Audacity, Self Awareness (& Basketball)

In 7th grade I played intramural basketball.

Being a late bloomer in 90% of human functionality, namely anything which wasn’t purely cognitive and especially anything requiring social skills or awareness, I played basketball like a child.

At 13, I didn’t care who was watching, or if my jersey was lumpy. I didn’t care if the other team  — or my team for that matter — liked me. I followed plays to the letter, but I had no sense of team. I didn’t even care who won.

I came to play ball. I played the game as well as I could, and doggedly, and then I went home.

I was not great by any stretch. But I had a decent shot record and was, more than anything, rather remarkably on a court of early adolescents, willing to take risks.

In my entire league I was the most likely to foul out. Not because I played dirty, but because in a casual Saturday morning tournament of reluctant and not-really-very-sporty girls (who either did not make or did not try out for the competitive league teams) I’d take any and all chances to steal, to push the boundaries of blocking etiquette, and grab any window of opportunity no matter how slim or how silly it made me look when I face-planted in the effort.

There are things about this oblivious, blindly confident and blinkered Sara I admire.

In all the thousands of pre-teens I’ve met since, I like her dedication. Her commitment. I like that she tried hard, even when she really, really sucked at things.

I want to be proud of a fictitious her who willfully ignored the twitterings of boys in the bleachers. Who avoided the hair-braiding and gossip on the bench in some morally confident sense of purpose. But in reality she was unaware these things even existed.

The dawn of puberty in her friends wouldn’t reach her horizon for years yet.

But. In getting to know, however superficially, thousands of preteens since, the full extent of her latent and underdeveloped humanity (for lack of a better word) has burst on my adult consciousness.

This girl fouled-out a basketball a game (to her) like any other. She snatched at the ball every play like a long-taloned vulture. She was playing point against one of her good friends. One who’d just had a terrible tragedy at home and wasn’t keeping it together very well. This Sara’s focus on the game was not, in this instance, a strong mark of character or confidence. And for months later its repercussions would be a source of confusion and pain.

This girl, in her first winter without glasses, body-checked someone and lost a contact lens in the process. And instead of calling time and tapping out, she continued to make break after break — getting the ball under the hoop on an empty half court, with 5 seconds to make a perfectly clear shot before anyone was even in range. And she missed. 15 times in a row. Because she was blind and would not admit it.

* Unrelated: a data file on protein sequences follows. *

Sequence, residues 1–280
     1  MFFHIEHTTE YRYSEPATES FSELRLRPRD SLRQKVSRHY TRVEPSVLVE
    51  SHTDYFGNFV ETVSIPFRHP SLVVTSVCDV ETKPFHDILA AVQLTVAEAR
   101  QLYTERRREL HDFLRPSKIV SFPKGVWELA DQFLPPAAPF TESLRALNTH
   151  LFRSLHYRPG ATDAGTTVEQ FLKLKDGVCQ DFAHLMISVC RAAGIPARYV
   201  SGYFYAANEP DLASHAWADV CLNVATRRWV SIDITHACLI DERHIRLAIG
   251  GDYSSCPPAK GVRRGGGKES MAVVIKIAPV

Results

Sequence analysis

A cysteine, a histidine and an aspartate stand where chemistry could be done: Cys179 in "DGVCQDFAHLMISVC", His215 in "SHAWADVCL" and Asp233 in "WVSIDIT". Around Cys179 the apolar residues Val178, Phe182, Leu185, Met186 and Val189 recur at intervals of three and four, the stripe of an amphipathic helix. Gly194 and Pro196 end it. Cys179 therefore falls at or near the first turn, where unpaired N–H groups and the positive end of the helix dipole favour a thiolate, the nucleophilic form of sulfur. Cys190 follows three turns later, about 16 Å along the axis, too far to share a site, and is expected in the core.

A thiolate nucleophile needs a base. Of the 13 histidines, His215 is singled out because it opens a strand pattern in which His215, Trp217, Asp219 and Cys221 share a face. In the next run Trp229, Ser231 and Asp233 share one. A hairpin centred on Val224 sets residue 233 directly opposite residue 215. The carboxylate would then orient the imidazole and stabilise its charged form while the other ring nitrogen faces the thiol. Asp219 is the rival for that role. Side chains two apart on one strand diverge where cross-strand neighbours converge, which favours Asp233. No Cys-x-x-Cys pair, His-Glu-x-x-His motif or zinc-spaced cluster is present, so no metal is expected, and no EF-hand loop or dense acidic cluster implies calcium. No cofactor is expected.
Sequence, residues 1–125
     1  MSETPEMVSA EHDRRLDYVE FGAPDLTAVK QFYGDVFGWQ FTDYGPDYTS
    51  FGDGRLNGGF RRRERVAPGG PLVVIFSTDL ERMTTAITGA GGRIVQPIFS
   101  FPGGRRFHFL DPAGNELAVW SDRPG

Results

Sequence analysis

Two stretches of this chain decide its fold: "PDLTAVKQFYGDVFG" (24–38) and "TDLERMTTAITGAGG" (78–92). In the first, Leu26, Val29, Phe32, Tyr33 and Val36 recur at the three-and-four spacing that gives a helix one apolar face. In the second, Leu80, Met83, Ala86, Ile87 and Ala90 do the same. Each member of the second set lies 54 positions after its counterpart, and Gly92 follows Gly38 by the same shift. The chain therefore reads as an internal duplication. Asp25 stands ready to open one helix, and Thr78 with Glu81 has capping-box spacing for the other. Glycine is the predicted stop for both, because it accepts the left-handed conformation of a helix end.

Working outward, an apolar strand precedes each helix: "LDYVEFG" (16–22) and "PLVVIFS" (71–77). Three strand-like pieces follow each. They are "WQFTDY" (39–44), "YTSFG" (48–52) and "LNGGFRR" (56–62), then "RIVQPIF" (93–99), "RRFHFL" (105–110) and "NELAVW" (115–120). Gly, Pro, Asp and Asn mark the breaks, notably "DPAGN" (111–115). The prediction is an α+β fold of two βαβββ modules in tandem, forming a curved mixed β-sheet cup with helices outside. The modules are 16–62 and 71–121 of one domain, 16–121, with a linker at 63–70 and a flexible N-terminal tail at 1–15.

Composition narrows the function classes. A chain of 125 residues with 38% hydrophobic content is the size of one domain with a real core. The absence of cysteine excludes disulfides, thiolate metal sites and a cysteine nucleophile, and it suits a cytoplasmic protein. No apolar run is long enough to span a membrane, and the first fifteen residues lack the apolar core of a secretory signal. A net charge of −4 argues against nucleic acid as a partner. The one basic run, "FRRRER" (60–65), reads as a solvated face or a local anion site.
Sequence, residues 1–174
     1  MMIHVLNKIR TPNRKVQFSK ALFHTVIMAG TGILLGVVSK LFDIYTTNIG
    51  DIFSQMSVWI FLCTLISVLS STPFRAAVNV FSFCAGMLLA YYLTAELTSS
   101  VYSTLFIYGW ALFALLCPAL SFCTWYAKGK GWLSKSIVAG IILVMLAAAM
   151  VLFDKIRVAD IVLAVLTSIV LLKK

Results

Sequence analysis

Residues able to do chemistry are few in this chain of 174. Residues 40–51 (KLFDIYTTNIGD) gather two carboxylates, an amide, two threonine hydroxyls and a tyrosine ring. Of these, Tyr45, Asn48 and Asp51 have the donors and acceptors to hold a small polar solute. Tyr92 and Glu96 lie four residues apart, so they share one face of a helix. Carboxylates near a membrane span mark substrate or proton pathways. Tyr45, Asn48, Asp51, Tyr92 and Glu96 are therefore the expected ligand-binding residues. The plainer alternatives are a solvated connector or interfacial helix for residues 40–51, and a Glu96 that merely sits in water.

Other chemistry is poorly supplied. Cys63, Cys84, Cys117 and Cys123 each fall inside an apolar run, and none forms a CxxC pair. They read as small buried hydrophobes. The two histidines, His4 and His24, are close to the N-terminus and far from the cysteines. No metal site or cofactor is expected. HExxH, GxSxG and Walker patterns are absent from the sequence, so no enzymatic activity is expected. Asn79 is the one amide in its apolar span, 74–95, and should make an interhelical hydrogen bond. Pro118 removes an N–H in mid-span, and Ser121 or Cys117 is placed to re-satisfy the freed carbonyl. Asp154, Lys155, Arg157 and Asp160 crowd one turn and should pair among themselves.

Or perhaps admit is the wrong verb.

When I look inside this Sara, as only I can do, when I look through her myopic eyes on the court that day, she isn’t thinking critically about what she is or is not capable of; if she is or is not up to this as she would be if fully lensed.

She is here to play basketball, so she keeps playing until the whistle blows. No questions, no second guessing. No context, no reasons. The questions of if she should play or if she should stop, or if the context of this particular game may be different from any other, are not on her agenda. (In fact, she has no agenda.)

The analytical skills required for such questions, the powerful tools of anticipation, understanding and circumstantial reasoning will be honed over the years to come. For a while, in a future she can’t yet see, these will be her most cherished assets.

Knowing how people will react, what is appropriate, when others should be pushed to the spotlight (hint: always). How to blend into the darkness. These skills will be treasured like a semi-super power.

But these later years, where knowing hows and whys mattered most; where being sure is paramount; they too would bring trouble. The double-think and self-conscious doubt will creep in disguised as wisdom and safety.

They will seep in under closed doors and into the folds of her softening body. They will plague her into a psychological paralysis antithetical to her previous shark-like existence. Counteracting years of blind court antics with infinite inprecipitous stalemates.


And now.

Now I stand on the hill of my own existence.

And I find myself in a Goldilocks situation.

That blind Sara had spunk and dedication and a down-to-earth quality I really like. The Sara who grew to be so wise and so lost has powerful quiet things in her stores which language can only reach with glancing strokes…


So now what?

Can I have all that confidence and single-minded focus now I do see the crowds, now I do know my limits?

Can I value my inner depths and respect my softer places and still walk forward into the world unafraid?


In the end it is not a question of can.

It is not even a question of how.

It isn’t a question at all. It is a summons.



The time has come.




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